“Would you like some coffee? We also have something sweet if you would like that”, say the mediators. Their tone of voice is particularly calm and empathic.
All four of us, the two parties to the mediation and the two mediators, sit at a long table and drink coffee. The gazes of both myself and the other man move between the mediators, the coffee cups and the chocolates. The atmosphere is simultaneously both relaxed and tense, the contradiction serving to render the situation more than a little absurd.
We are still not able to look each other in the eye for longer than the half second glance we first exchanged on Mannerheimintie. I don’t remember ever having experienced anything like this before.
Except perhaps one time when I was young and had a crush on someone. But this is something very different. Like some kind of anti-Tinder: the police have matched up the hater and the victim – two people that would rather never have met.
The two mediators, one woman and one man, are both older than us. They keep the conversation going in gentle calming tones. I munch the chocolates and ask the mediators about their training and background and how they ended up in this line of work. What else could a journalist talk about?
My antagonist is quieter. He doesn’t seem interested in the chocolates.
The mediators’ extensive experience dealing with family and street violence is apparent in the way they speak. This helps me understand that online hate speech is on the same spectrum of violence as physical assault itself.
To begin with, we tell each other briefly what we do, as requested by the mediators. He says he is an ordinary Finnish working father. His children are under school age.
I say that I encounter a lot of hate speech in my work. I also say that I would like to see if mediation can be of help in dealing with the problem of hate speech.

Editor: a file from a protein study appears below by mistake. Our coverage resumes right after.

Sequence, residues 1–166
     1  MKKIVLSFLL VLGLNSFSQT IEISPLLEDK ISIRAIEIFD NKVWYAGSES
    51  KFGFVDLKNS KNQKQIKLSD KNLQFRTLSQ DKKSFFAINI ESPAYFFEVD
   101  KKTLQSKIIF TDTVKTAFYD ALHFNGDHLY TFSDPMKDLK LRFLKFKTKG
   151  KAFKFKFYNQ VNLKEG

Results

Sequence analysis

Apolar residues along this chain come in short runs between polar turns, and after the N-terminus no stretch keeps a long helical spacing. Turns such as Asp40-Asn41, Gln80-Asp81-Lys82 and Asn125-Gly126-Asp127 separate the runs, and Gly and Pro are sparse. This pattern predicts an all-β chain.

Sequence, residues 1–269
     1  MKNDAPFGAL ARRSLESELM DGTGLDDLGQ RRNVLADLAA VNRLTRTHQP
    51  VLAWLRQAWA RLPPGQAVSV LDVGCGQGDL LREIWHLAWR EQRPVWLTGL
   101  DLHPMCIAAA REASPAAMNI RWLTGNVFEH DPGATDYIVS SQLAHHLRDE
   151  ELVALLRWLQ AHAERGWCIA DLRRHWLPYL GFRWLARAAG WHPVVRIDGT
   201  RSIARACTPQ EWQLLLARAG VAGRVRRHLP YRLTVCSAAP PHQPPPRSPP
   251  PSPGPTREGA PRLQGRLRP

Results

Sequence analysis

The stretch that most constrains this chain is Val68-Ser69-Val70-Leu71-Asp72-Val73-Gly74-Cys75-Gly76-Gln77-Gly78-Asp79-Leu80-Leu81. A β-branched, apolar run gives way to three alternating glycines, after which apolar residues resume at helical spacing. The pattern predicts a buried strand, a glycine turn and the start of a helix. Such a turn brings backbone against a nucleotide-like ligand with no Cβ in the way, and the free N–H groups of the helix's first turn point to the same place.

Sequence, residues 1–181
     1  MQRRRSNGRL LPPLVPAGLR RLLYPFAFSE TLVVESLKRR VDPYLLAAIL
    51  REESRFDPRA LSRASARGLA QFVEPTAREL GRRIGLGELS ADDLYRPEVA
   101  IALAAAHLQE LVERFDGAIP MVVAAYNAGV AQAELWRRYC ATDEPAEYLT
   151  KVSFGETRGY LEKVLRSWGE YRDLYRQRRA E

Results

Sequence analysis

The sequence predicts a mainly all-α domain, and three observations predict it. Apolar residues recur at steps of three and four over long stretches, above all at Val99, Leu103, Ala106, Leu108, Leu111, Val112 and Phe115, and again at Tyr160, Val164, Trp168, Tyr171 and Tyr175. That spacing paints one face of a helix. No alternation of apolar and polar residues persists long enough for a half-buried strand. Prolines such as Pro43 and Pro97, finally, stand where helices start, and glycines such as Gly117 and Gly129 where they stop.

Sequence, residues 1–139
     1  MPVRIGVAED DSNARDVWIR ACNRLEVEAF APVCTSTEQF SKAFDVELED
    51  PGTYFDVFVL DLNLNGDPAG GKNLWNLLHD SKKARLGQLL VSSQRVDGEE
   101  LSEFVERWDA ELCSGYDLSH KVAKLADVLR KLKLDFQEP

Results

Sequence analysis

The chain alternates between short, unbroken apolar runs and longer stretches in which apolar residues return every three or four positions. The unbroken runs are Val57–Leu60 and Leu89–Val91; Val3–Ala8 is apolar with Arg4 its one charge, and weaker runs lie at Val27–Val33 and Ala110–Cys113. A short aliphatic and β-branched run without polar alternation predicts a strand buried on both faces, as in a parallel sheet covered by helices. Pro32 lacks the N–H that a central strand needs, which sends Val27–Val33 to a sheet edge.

Then the mediators ask me to say how it felt for me to find comments of that kind published online.
The power of mediation lies in everyone being on the same level
Privately, I am shocked to learn that he is the father of small children. How in the world could a seemingly normal father who appears to be in his right mind write that he would enjoy it if another person’s family were killed?
But I don’t talk about this. I look the man in the eye and I start to explain what it is like to be the target of hate speech.
I say that my work colleagues tell me that I must have the hide of an ox. But there is nothing heroic in having to put up with hate speech all the time. Just like everyone else, I simply want to get on with my work and be left in peace.
Nevertheless, I am not completely immune, and I am glad that this is the case. The fact that things can hurt me means that I am still able to react to hate as a normal person should.
I say that if I detect in a message even the hint of a concrete threat which could be directed at my family, I must take action. Otherwise I would never be able to forgive myself if something did happen.